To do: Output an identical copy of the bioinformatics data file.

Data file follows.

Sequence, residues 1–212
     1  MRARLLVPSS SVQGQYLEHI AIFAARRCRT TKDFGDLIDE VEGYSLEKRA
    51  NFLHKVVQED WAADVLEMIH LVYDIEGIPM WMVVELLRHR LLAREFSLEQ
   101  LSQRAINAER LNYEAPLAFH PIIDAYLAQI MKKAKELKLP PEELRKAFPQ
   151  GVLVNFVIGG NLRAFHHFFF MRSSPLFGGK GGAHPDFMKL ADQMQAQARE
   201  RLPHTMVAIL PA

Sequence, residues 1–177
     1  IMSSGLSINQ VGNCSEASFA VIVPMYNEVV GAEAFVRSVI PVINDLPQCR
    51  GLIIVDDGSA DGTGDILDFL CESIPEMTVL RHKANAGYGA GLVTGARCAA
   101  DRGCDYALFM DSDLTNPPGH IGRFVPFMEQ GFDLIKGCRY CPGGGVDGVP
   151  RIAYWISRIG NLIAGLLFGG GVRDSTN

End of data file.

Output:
Sequence, residues 1–212
     1  MRARLLVPSS SVQGQYLEHI AIFAARRCRT TKDFGDLIDE VEGYSLEKRA
    51  NFLHKVVQED WAADVLEMIH LVYDIEGIPM WMVVELLRHR LLAREFSLEQ
   101  LSQRAINAER LNYEAPLAFH PIIDAYLAQI MKKAKELKLP PEELRKAFPQ
   151  GVLVNFVIGG NLRAFHHFFF MRSSPLFGGK GGAHPDFMKL ADQMQAQARE
   201  RLPHTMVAIL PA

Sequence, residues 1–177
     1  IMSSGLSINQ VGNCSEASFA VIVPMYNEVV GAEAFVRSVI PVINDLPQCR
    51  GLIIVDDGSA DGTGDILDFL CESIPEMTVL RHKANAGYGA GLVTGARCAA
   101  DRGCDYALFM DSDLTNPPGH IGRFVPFMEQ GFDLIKGCRY CPGGGVDGVP
   151  RIAYWISRIG NLIAGLLFGG GVRDSTN